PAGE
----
BUSAN: A young filmmaker has turned the camera on her own family to document South Korea’s obsession with education and the severe toll it takes on its children — including her sister — in the ultra-competitive society.
Koo Yun-joo’s documentary “Dear My Genius”, which premiered at the Busan International Film Festival on Saturday, follows the director’s seven-year-old sister and mother — who has plans to turn the little girl into a so-called gifted child.
Many education authorities and colleges in South Korea regularly test children on their ability in maths, science and other key subjects and award those who excel with “gifted child” certificates — considered a big plus in future university applications.
Young South Koreans devote most of their childhood and teenage years to studying — which involves lots of rote-learning — to earn a place in one of the elite universities seen as key to future careers and marriage prospects.
The South’s education system is often held up by other countries as a model of rigorous meritocracy, but the pressure to score well has been blamed for teenage depression and suicide rates that are among the highest in the world.
The documentary offers a rare glimpse into a real-life family dynamic common in South Korean households, and the cut-throat competition facing the country’s children likened by some to systematic child abuse.
To reach child prodigy status, Koo’s sister Yun-yung spends hours after school at “hagwons” – private cram schools – to study subjects including maths, English, Chinese, computer and essay writing.
Her mother keeps a detailed list of all the books the first-grader has read since the age of five, and borrows from a local library 26 books every fortnight — the bimonthly limit — aiming to make her read thousands of books each year.
“I feel a sense of achievement looking at this,” the mother says proudly as she updates the list with titles ranging from self-improvement books for children to biographies of prominent figures.
Tears and tantrums
Stressed out while solving complex maths problems or memorising English words late into the night, Yun-yung often bursts into tears, throws tantrums and develops sudden headaches, while her mother either cajoles or berates her to make her keep going.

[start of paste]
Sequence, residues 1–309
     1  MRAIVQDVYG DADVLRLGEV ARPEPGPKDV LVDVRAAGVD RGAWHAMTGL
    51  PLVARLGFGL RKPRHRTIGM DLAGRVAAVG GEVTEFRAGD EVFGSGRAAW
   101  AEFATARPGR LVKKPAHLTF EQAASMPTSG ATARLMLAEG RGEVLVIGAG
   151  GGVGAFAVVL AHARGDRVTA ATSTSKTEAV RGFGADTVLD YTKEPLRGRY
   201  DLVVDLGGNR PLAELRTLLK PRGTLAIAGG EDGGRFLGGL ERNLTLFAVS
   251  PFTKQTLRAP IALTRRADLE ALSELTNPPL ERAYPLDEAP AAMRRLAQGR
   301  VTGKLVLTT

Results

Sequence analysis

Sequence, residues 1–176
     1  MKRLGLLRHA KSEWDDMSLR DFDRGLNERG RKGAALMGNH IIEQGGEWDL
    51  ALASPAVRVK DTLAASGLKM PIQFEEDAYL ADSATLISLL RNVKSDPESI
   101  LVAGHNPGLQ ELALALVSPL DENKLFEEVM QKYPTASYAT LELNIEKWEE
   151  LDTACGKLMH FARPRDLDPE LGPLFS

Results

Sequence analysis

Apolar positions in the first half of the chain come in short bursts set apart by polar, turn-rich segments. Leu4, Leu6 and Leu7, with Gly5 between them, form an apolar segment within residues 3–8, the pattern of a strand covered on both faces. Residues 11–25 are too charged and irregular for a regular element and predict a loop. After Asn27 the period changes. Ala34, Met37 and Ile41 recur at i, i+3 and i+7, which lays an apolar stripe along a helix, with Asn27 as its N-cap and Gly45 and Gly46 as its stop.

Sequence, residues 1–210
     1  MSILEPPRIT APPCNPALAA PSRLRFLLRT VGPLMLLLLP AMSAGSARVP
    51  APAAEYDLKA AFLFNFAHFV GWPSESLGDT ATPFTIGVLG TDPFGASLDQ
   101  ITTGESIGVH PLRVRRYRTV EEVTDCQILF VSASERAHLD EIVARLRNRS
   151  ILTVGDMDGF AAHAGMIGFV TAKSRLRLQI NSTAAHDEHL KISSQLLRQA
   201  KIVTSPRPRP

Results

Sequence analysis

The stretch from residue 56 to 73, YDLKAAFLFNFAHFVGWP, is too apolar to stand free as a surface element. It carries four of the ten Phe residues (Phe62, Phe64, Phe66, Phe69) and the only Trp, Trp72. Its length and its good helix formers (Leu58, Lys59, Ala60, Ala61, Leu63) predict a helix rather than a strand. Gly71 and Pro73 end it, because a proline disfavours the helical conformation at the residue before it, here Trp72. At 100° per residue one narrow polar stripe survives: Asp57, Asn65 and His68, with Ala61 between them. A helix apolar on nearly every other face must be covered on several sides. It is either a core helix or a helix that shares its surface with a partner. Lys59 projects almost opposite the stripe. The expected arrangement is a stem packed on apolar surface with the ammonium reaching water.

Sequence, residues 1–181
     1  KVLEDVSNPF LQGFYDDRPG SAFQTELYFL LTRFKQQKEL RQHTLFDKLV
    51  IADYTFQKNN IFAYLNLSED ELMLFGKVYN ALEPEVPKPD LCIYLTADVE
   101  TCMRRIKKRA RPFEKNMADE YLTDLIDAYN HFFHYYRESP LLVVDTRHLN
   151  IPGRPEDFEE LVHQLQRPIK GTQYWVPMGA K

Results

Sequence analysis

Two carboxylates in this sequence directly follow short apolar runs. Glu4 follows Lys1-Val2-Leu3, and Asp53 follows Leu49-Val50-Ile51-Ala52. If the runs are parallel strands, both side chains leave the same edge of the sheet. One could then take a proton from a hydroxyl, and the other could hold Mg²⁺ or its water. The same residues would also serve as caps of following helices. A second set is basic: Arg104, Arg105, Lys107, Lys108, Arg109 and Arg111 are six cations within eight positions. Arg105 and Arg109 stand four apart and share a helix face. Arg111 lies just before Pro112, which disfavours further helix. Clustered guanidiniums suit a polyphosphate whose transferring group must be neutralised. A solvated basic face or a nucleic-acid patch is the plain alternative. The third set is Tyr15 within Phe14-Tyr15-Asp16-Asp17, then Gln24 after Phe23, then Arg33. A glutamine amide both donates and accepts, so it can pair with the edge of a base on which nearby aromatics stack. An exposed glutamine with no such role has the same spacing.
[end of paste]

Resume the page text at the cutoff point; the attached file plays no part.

The director, once a “gifted child” in science herself, clashes with her mother over how to raise Yun-yung, saying rote-learning and the blind pursuit of perfect test scores didn’t teach her how to figure out what she really wanted in life.
Yun-yung also repeatedly talks about her dream to “become a gifted child” and to “go to the best university” but she is lost for words when asked why she wants this.
“I could see my mom was trying to raise Yun-yung like she did me and my sister being crushed under pressure and changing into an angry, harsh kid…I wanted to do something for her as well as mum,” Koo told AFP.
“Mum was also eager to change…but it’s easier said than done if you live in this environment where all other parents and their children are racing full-speed to get ahead,” said the 26-year-old.
A slogan inscribed in the playground of Yun-yung’s elementary school reads “Only those who endure pain can smile”, while most residential neighborhoods are packed with countless hagwons promising parents to make their children “more special than others”.
Another of Koo’s sisters — an elementary school teacher — says most pupils in her class are even more miserable than Yun-yung due to the pressure to excel, with the top student in her class admitting to suicidal thoughts.
A playground in the Yun-yung’s neighborhood is empty most of the week, with children busy hopping from one hagwon to another after school.
Koo’s family eventually decides to send Yun-yung to fewer cram schools and ease the pressure on her to read — while the mother, a full-time housewife, tries to devote more time to herself.
But tough challenges still lie ahead for the South’s conformist society.
One animation featured in the movie shows a group of figures with different shapes and colors on a moving conveyor belt, before they are squeezed and remolded into identical-looking figures with a “first-class 1” sign stamped on their chest.
“I just wanted to make people take a step back and see what our children are missing — including abilities to have fun, play with others, or quietly reflect upon themselves — in this blind pursuit of academic excellence at all costs,” said Koo.